The Whirlybird Roof Vents Guide


The roof acts as a screen that prevents the heat from escaping from the ceiling cavity and allowing it to circulate and accumulate in the interior of the house. This becomes a major issue especially during the hot and sunny days when the in-house temperature gets to its peak. At times the heat gets up to 70 degrees making it hard for you to remain indoors.

When the temperature goes up to high levels, the air conditioners will need to work harder to deal with the heat. This leads to a rising pressure on the utility bills. This, therefore, means that you need an efficient solar powered whirlybird roof ventilator. The work of roof ventilators is to assist in managing the roof space temperature during summer ensuring the comfort of those living in that building. They also work as a shield to the ceiling as they protect it from corrosion resulting from moisture build up during winter.

Of the most commonly used roof ventilators, whirlybird is the most mentioned. This type of ventilators has been on the market for decades and happens to be among the first air driven roof vents to be in the market.  There is, however, a need to understand what they are and how they operate.

Whirlybirds are sometimes referred to as whirligigs, and they are a kind of roof vent installers that removes accumulated heat in the roof space by convection currents.  There are two types of whirlybird roof ventilators: passive wind-driven whirlybirds, and active, powered whirlybirds. The only difference is that the active powered whirlybird is that they are electrically powered, while the wind-driven whirlybird is operated by the wind and expanding air resulting from rising temperature in the roof space. The most preferred one is the wind-driven whirlybird as it is inexpensive.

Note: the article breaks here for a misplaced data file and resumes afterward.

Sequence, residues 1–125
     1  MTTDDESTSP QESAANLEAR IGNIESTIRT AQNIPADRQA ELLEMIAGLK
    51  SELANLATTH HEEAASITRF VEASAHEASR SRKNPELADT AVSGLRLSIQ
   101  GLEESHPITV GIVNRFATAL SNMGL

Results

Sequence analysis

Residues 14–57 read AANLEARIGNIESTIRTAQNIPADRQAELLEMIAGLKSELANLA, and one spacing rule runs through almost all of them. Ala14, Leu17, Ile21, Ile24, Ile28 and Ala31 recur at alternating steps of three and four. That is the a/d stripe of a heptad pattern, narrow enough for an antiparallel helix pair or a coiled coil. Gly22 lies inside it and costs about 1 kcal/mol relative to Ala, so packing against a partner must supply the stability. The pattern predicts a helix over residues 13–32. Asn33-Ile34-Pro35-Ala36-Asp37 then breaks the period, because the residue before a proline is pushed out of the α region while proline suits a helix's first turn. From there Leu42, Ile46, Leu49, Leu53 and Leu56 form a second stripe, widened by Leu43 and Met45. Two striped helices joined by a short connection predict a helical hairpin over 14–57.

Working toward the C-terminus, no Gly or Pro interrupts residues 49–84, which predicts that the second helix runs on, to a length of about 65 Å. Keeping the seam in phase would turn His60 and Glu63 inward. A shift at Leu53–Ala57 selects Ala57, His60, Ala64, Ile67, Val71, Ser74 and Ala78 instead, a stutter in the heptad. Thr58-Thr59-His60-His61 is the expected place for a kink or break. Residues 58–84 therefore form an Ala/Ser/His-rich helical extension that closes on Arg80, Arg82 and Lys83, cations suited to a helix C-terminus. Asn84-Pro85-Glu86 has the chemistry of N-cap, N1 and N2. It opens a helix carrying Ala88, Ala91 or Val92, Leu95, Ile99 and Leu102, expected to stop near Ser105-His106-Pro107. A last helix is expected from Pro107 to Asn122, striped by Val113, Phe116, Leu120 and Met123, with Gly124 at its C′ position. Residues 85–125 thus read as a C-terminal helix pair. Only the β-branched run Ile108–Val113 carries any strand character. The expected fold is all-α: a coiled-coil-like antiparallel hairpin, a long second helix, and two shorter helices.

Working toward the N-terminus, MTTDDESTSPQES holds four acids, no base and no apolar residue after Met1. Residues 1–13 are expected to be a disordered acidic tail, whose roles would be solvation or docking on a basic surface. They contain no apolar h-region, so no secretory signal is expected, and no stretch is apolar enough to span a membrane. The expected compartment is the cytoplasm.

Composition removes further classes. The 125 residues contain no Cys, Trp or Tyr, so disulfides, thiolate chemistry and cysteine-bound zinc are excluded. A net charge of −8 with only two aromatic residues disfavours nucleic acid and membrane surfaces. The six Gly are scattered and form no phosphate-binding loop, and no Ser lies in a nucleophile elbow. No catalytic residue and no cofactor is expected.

In most cases, whirlybirds are made up of aluminum exterior or galvanized steel. The vent of whirlybirds has a fluted head that is set by use of ball bearings, which allow the vent to spin. The whirlybird is also referred to as a turbine vent because of its external appearance that that resembles a turbine.

The mechanics behind the effectiveness of a whirlybird is simple. The metal top of this ventilator consists of specially engineered fins that scoop the wind.  When the wind blows through the turbines, the ventilator rotates causing a vacuum effect that sucks hot air from the inside of the house.  The heat that is in the roof space is drawn upwards and gets into the whirlybird, which then expels it through its vents.

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